Yeah, basically just that Leigh. So, the first 10 years, and the last time I just saw them in September, it's basically where you said gathering data, which fortunately and unfortunately includes a, a bone marrow biopsy. The good news is because I'm one of the lucky ones and my counts had maintaining stability, and within normal ranges, my results came back good this last trip over at NIH. I no longer have to have a bone marrow biopsy when I go back. And just to be clear, it's, it's not every visit in New Jersey I was getting a bone marrow biopsy. It was only with NIH. And at this point, Leigh, it's every three years I see them. So, that was where the bone marrow biopsies were coming in, but because they have enough data with me right now, and as long as things stay the way they are, knock on wood here, I wouldn't get a bone marrow biopsy my next visit there.
Leigh Clark:
While you were going through treatment, and you came home, how long did it take for you to see a response?
Mario Rivera:
Yeah. So, because it's been so long, I always have to think about that. It wasn't instantaneous. So, you know, like many patients that go through aplastic anemia, my results, at least on the positive side, were not instantaneous. So it was about the two year mark when things were slowly and surely creeping up. I was tapering off the Cyclosporine particle I was on. My, my CBCs would eventually creep up, and they would, you know, kind of go up and down. But it really wasn't until about the year and a half, the two year mark, when they started to stabilize. Oh, and within the normal range. So I, I know I said it before of being lucky, but even my counts in general are within, you know, just normal, normal ranges. So, that was it. And then that was including the, the taper of Cyclosporine, so that ... at that point, that was the only medicine I was on for the aplastic anemia, so two years, I was medicine free and transfusion free.
Leigh Clark:
That's amazing. And I'm sure it was very frustrating waiting for something to happen. Like waiting for a response.
Mario Rivera:
For sure. I mean, when I think back to the first phases of being diagnosed with aplastic anemia, you know, it's, it's hard to be in the moment. It's easy to, look, at least for me, let my mind wander, and yeah, that's where I was. A lot of times, Leigh, I was, you know, this is not ... It- I guess this is just the way it's going to be. I'll accept this as what it is and, and I don't think they're ever going to get better. And then the frustration, because with the low counts come the transfusions. And then of course, you know, there's a certain lifestyle you have to live where you have to be extremely careful and cautious of how you take care of yourself, and what you expose yourself to. So, you know, that- it's frustrating, but I knew it was part of the process.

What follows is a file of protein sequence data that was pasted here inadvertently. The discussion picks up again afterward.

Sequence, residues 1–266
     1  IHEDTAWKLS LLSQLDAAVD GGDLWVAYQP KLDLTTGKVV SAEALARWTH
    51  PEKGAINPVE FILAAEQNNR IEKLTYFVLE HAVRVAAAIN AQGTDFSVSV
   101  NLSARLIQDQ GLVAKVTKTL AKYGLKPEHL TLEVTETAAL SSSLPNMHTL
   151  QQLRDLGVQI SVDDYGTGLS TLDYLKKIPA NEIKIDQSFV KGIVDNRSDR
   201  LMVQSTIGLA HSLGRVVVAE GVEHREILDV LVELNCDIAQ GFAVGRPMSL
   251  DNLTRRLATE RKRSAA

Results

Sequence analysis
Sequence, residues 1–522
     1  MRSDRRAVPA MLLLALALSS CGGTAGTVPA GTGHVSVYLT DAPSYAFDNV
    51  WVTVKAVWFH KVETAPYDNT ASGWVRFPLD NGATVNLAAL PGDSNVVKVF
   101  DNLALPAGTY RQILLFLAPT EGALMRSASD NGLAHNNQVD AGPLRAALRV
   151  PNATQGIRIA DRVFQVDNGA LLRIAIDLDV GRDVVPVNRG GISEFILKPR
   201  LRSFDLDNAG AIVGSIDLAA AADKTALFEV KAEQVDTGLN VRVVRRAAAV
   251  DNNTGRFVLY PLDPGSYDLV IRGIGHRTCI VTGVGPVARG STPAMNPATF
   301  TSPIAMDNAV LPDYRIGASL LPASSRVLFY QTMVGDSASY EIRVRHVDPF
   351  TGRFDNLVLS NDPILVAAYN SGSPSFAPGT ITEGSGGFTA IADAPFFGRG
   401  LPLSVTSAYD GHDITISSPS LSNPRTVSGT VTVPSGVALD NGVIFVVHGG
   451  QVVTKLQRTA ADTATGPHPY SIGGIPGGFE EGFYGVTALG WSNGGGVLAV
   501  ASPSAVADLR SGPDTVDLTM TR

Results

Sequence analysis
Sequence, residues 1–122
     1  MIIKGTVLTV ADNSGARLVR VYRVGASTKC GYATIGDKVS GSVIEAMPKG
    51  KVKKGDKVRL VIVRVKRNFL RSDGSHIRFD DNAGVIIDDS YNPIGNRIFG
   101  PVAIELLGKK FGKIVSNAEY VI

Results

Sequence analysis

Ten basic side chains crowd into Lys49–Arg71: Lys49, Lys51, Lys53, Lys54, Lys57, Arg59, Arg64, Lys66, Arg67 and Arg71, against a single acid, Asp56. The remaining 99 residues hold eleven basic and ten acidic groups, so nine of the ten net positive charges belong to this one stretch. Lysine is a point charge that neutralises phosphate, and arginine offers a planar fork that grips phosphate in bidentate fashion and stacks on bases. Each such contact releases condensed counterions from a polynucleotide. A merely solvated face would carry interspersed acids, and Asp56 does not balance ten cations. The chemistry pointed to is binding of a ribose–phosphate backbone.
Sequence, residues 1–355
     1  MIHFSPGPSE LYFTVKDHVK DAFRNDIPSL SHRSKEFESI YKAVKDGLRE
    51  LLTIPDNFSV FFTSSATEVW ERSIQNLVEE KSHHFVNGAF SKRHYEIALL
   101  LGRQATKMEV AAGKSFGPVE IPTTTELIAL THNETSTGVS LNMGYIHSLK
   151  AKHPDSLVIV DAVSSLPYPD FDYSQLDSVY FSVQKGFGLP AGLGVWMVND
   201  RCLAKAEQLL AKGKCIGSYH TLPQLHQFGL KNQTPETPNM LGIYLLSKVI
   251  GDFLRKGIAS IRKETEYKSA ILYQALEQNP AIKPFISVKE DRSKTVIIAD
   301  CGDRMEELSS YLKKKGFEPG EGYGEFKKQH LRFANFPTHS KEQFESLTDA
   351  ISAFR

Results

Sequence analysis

Leigh Clark:
Do you ever worry about relapse, and that the disease will come back?
Mario Rivera:
I do. Of course I do. Yeah. Um, you know, I, I like to participate in the monthly support groups, and that's one of the things that I, I like to listen to and, and, you know, I hope it never happens with anyone. And we've had great success stories. But, because I never got a transplant, and I'm not really cured per se. You know, we like to call it a robust recovery. Yeah, the thought of relapse is absolutely always in the back of my mind.
Leigh Clark:
And, and you mentioned about the support groups, and how, how do you feel those help you and your family?
Mario Rivera:
Tremendously. I mean, I encourage anyone to participate whether you're a patient, a caregiver, um, you know, whether ... I mean, everyone has their own journey. So whatever it is you want to hear, participate, or take away from, I think they're so valuable. Um, like I said, I, I like to participate more to give some type of support. And, to, you know, assure some of the newer patients. Or some of the patients or caregivers that are on there, that, you know, there are some success stories and, and, you know, everyone's dealing with this differently, and everyone has their own questions.
You know, it's what matters to them. I just like to participate and offer whatever I can. And, the truth of the matter is, I gain so much from those, for myself, because I go there with an open mind each, each support session that, um, I attend. I try to just take something away. Even if it's just, you know, being a little bit more grateful. Or, you know, hopefully easing someone's burden with some of the questions they may have. You know that's tremendously helpful to me.
Leigh Clark:
And you're a long-time survivor. Do you still feel a need to keep up on what's the latest in aplastic anemia? And how do you go about doing that?
Mario Rivera:
Yeah, absolutely. Um, well, fortunately I was able to see you in a group, by participating in person, finally, at a conference in Texas, uh, in November. I think those are valuable. Any conference. Any, any of the l- literature, any of the webinars, any of the, um, email communications we receive, they're valuable. And even on my own, whether it be researching it through the foundation's website, or something that, you know, possibly was shared to me from someone from my oncology team or someone from the support group, I think that's important. I think it's important to, um, just kind of have your ear to the ground to this, because, you know, things change, and I love to hear the things that are being done differently in a positive way. And, and things that they're trying, and some of the new medicines and technology I think it's great. But yeah, I love to stay on top of that, and I, I just ... I'll take it from whichever resource I can.
Leigh Clark:
And our last question for you will be, "If you had a bit of advice to give to another aplastic anemia patient and family, what would that be?"
Mario Rivera:
Advice. I would say, you know, have faith in the process. A- and have faith in whatever gets you through, you know, this particular time of your life. Because everyone's journey is different. Everyone's life is different. Everyone's reaction to being diagnosed to this disease is different. So, you know, have faith in the, in the process. Ask the right questions. Have faith in your medical team. And if, and if you don't, you know, a- ask the right questions. You need to be your best advocate. It said a lot, but it's the truth. No one's going to take (laughs) care of you better than yourself, or, you know, your, your immediate family. But, ask the right questions. Research within a tangible resource, the procedures, the processes, the questions, your disease, and ultimately have faith in the process. And have faith in whatever gets you through it.
Leigh Clark:
Well, thank you so much for sharing your time, and your personal experience, and your journey with all of us. If you'd like to find out more about aplastic anemia, and treatments, please visit our website at aamds.org. You can also get information by following us on Facebook, Instagram, and X. Or give us a call on our helpline, 800-747-2820. This concludes our podcast episode.